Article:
• Tuấn Anh Phạm

Korean Chain Stores

Korea is home to a plethora of chain stores specialising in different items. For newcomers to Korea, knowing where to buy what items can be somewhat confusing, so here is a breakdown of the biggest Korean chain stores.


For groceries: EMart, Homeplus, No Brand

These are the biggest and most general stores on this list – massive supermarkets where you can buy almost anything from basic groceries to TVs. The cheapest and smallest of these is No Brand, famous for their plain packaging. No Brand is actually a subsidiary of EMart, which is another good option for large supermarkets. Homeplus and EMart are quite similar, and you can always find what you need. Just be aware that Homeplus and EMart close every second Sunday, so you might go all the way there just to find they are closed!

source: koreabyme.com
For cosmetics & toiletries: Olive Young, Innisfree

If you are looking for shampoo, makeup, soap, body wash, deodorant and most other cosmetic items Olive Young and Innisfree are the two biggest stores. You can find almost anything you need at one of these two shops. Olive Young is more general and has a wider range, while Innisfree usually stocks more specific cosmetic items.

source: themonodist.com
For books: Aladdin, Gyobo Books, Youngpung Books

For books, you have two options – buy new from a store like Gyobo Books or Youngpung Books or buy used books from Aladdin. Both have very large selections for books, and also stock other items like stationary, notepads and colour-by-number paintings. At Aladdin, you can also resell your old books. If you take them to the cashier, they will evaluate the condition of the book, and unless it’s a book that they can’t sell or have too many copies of, they will pay you some money for your used books.

source: kyobobook.co.kr
For homeware, stationary: Daiso

Daiso is somewhat notorious in Korea – people go there looking one or two items and end up spending an hour, buying all sorts of things that they didn’t even need because items here are so cheap! Daiso sells bathroom supplies, kitchen supplies, toilet paper, cleaning products, stationary, and plenty of other useful everyday items.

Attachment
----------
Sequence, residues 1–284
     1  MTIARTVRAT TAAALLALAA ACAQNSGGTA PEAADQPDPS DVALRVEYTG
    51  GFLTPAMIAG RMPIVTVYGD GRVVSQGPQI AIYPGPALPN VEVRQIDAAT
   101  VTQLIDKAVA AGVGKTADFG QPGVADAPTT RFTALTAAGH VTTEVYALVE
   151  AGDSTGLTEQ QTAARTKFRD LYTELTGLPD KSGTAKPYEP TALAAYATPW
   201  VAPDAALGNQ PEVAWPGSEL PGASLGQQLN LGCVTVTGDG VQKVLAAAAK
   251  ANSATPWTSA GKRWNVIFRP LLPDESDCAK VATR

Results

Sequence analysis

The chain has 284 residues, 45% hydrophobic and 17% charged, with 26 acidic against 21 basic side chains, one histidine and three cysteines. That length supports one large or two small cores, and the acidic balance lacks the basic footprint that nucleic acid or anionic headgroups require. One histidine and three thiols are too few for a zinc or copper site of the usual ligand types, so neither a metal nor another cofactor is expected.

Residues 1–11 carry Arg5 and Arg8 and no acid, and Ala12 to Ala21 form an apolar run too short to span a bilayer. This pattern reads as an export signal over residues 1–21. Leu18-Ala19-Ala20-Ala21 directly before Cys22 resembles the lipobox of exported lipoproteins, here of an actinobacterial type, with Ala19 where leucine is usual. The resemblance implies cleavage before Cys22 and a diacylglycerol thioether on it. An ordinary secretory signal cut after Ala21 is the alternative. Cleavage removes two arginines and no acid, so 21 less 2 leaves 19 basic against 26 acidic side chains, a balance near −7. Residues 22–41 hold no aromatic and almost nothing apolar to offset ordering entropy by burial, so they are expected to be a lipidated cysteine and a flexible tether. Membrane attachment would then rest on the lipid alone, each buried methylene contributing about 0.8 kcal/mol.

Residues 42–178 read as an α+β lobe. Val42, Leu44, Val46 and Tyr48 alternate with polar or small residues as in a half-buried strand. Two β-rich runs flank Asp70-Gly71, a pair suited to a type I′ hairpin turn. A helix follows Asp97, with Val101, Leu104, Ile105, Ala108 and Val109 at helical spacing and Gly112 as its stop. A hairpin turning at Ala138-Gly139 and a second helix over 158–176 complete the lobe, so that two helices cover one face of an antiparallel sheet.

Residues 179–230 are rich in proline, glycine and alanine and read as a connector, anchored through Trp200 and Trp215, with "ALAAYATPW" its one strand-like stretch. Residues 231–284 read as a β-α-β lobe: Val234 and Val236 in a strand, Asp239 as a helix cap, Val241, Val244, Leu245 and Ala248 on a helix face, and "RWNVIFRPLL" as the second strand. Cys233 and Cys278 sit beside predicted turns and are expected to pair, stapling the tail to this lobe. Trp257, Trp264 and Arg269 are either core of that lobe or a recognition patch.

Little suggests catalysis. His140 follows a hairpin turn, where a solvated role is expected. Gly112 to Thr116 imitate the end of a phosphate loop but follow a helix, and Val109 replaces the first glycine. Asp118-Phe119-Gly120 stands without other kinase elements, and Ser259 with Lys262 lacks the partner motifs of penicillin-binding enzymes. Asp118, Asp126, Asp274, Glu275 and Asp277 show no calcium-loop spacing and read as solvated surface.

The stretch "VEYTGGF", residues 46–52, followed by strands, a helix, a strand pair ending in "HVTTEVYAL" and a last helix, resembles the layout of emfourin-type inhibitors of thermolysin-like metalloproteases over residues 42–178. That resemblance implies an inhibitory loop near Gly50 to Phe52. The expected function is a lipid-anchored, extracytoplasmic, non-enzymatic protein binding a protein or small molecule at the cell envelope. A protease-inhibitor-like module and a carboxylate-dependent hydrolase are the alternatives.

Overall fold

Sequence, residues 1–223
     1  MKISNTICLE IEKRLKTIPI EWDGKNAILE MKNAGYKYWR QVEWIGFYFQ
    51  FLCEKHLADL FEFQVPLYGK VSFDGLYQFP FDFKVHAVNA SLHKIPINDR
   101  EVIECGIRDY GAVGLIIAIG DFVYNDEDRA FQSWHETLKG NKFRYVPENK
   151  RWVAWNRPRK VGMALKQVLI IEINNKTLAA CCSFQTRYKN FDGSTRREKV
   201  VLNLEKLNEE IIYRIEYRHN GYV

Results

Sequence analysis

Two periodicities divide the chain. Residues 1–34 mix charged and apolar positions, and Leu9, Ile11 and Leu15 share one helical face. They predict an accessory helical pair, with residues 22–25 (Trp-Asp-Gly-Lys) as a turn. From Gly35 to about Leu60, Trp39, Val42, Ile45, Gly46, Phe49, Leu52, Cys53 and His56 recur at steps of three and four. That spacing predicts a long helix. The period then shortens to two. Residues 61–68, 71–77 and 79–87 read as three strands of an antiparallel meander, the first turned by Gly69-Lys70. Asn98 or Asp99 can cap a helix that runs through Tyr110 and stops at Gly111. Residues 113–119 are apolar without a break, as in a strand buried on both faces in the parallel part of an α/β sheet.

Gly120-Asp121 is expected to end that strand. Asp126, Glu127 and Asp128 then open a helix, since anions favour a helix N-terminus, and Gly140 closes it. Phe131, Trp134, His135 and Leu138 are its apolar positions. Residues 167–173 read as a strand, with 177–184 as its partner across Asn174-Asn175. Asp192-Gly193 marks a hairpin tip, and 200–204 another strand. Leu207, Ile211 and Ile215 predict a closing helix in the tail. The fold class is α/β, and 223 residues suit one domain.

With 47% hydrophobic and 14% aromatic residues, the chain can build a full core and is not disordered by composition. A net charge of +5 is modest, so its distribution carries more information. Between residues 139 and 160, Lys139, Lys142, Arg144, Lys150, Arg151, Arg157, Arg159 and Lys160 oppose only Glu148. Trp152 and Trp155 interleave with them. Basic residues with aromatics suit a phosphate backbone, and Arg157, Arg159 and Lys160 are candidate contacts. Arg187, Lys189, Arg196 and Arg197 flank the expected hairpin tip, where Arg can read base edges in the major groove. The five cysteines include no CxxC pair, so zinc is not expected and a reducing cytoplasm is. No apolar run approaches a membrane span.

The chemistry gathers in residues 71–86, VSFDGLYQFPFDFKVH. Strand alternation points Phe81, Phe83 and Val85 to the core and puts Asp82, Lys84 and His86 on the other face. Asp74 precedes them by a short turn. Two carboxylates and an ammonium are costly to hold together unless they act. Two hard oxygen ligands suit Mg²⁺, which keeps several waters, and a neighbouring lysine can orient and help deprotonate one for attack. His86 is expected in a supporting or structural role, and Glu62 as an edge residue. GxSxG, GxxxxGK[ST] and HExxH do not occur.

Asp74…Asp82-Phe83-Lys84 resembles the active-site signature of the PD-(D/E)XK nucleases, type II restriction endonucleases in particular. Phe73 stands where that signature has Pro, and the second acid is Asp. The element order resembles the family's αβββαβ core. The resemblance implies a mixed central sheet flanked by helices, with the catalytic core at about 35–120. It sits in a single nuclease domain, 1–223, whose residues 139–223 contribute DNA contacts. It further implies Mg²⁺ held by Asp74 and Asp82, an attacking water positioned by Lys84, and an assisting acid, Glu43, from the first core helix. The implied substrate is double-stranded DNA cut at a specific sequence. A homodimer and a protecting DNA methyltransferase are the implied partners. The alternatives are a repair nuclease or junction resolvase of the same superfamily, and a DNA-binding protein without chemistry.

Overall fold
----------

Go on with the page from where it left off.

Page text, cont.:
source: hapskorea.com
For electronics: Himart

For phones, computers, and basically any electronic appliance, Himart is the biggest retailer chain in Korea. They sell the big and expensive items such as kitchen appliances and gaming consoles as well as smaller peripheral appliances. While this may not be a store that you visit regularly, you will probably need to go to an electronics store at some point during your time in Korea.

source: rogorogo.tistory.com
Convenience stores: GS25, CU, 7/11, EMart 24

You can’t go one block without seeing one of these stores – if you need a quick snack, a carton of milk, a drink or even a quick meal, you can get all the basics at GS25, CU, or E-Mart24, among others. They can also top up your travel card for you, deliver packages, and process your utilities bill. Sometimes you may even find more than one convenience store on the same street, so you have many options to choose from!

source: econovill.com

For special items/imported goods: It is usually best to look online unless you know an independent store near you. You will generally have trouble finding foreign food and specialty items in stores, so it is better to order them from Coupang or GMarket, or from a foreign website like iHerb. In some areas like Itaewon, there are international marts that may have what you are looking for.


By Ewan Smith

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